You are Mark Zuckerberg. You are the CEO of Facebook. You are one of the most powerful people on Earth.
You’re in control of the “Other internet,” that popular personal information repository for millions of people around the world.
Your users spend, on average, an hour everyday on your website. And, for some reason, they love to trust every intimate aspect of their lives to you.
You’re also morally on the hook for 10s of millions of investors’ dollars. And they’ll want it all back, with massive interest, very soon.
As a result, you’re responsible for perfecting the modern act of alchemy. You’ve got to transform all those baby pictures, love letters, and private conversations that people post to Facebook into gold for your investors. That’s your business model.
So here you are on June 2, 1010, sitting on a stage at the exclusive D8 Conference, in front of an audience of hundreds of the most powerful investors, technologists, politicians, and geeks. You’re here to make sure these people continue to believe in alchemy.
Unfortunately, two of the toughest journalists in the tech industry, Walt Mossberg and Kara Swisher, are there too, grilling you.
And suddenly, Swisher lobs this one at you: “Do you feel like you’re violating peoples’ privacy?”
Everybody knows that you don’t like to talk about privacy. Because you don’t believe in it. Because privacy is the enemy of success to you. If people want to protect their privacy, how can you turn their information into gold for your investors?
It’s why you and your cohorts have manufactured incomplete catchphrases like, “Making the world more open and connected…”.
It’s a sentence should finish with: “…so we can sell your privacy to the highest bidder.” But you don’t really want your users to hear that part.
So when the privacy bomb hits the stage, you choke.
The gruelling hours of special training with handlers and advisers that have gone into this exact moment suddenly evaporate.
And instead of your mouth opening with an answer, every skin pore on your body opens up with perspiration. Lots, and lots of it.
The sweat is pooling on your forehead. It’s dripping down your face. You can feel a drop dangling off of your chin. Then it drops and it seems like an eternity before you feel it hit your knee.
But you have to say something, so you start with a vague, “Yeah, you know, uh … A lot of stuff happened along the way…”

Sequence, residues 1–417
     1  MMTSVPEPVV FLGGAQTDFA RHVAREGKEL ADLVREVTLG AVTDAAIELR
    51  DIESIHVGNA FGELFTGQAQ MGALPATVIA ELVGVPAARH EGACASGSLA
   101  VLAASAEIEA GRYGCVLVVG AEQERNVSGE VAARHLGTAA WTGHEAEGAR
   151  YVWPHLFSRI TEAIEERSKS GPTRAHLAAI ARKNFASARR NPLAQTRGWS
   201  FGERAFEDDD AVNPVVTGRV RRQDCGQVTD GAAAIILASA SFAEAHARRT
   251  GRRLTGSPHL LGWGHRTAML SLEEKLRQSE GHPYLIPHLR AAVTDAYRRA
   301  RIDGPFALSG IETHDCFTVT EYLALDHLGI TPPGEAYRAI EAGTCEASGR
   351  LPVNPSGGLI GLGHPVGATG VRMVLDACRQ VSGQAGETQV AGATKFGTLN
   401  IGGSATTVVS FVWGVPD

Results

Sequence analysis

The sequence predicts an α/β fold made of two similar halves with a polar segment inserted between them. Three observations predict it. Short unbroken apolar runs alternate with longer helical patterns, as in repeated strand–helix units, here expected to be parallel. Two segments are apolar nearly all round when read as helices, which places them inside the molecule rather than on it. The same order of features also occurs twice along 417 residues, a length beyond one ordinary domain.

You stop and realize how moronic that sounded. So you try another angle: “You know, there were real learning points and turning points along the way in terms of … uh … in terms of building things…”.
Building things? What does that even mean? Now you’re stuck.
You realize what a knob you sound like, but you can’t stop thinking about the sweat pouring down your back.
You struggle to recall the instructions of your handlers. You pause, dart your eyes around the room like a frightened criminal, then continue with a story.
“You know, it really went from this position early on, where we were just in this college dorm room? To, we moved out to California, it was a few friends and me … and, um…”.
You mange to evade the privacy subject entirely with your tried-and-true story about what a great guy you are for not having sold out to all those early purchase offers. You could tell this one in your sleep.
But, dammit, as your mouth goes on auto-pilot, all you can think about is the sweat soaking through your T-shirt into your thick hoodie.
You wrap up your spiel. You hope nobody notices that you’re literally drowning in sweat. You realize that’s delusional.
Mossberg, taking pity on your soaking wet state with paternalistic verve, patronizes you with a, “I thought that was a fascinating answer.”
And Swisher quickly follows up with a motherly, “Wanna take off the hoodie?”
With teenage curtness, you blurt: “No, I never take off the hoodie.”
And you never do.
For all of your enthusiasm of openness, and connectedness, you keep your hoodie on.
As it is with every teenager or young adult who wears one, your hoodie is part armour, to defend yourself, and part shell, to hide within.
Your hoodie is your facade. And right now it holds and masks the nervous, sweating, scared you.
But today the surrogate parental pressures of Mossberg and Swisher combine with your lightheadedness to influence you. You take off the hoodie.
And as they examine what’s printed inside, you cower like a child naked under the harsh lights. You struggle to smile. Although your eyes are stinging with sweat, they still dart about the room in search of a new shell to crawl inside.
Yes, you have power, but it’s that of a young Elizabeth. Your mind and spirit are corseted with the views and influences of your handlers and advisers.
You haven’t decided yet who you most serve: the people who use Facebook and trust you with their information, or the investors who have enabled your fast ascent to stratospheric success.
And until you decide to take off that hoodie of your own volition – and put on some grown up clothes – you’ll never be a leader worthy of the position you now hold. You’ll just be a scared kid sweating on the stage under the hot lights.
And until that time, no Facebook user should feel safe sharing their information with you. Because not even you can be sure what you’re going to do with it.
Andrew Robulack is a Whitehorse-based freelance writer and communications technology consultant specializing in the internet and mobile devices. Read his blog online at www.geeklife.ca.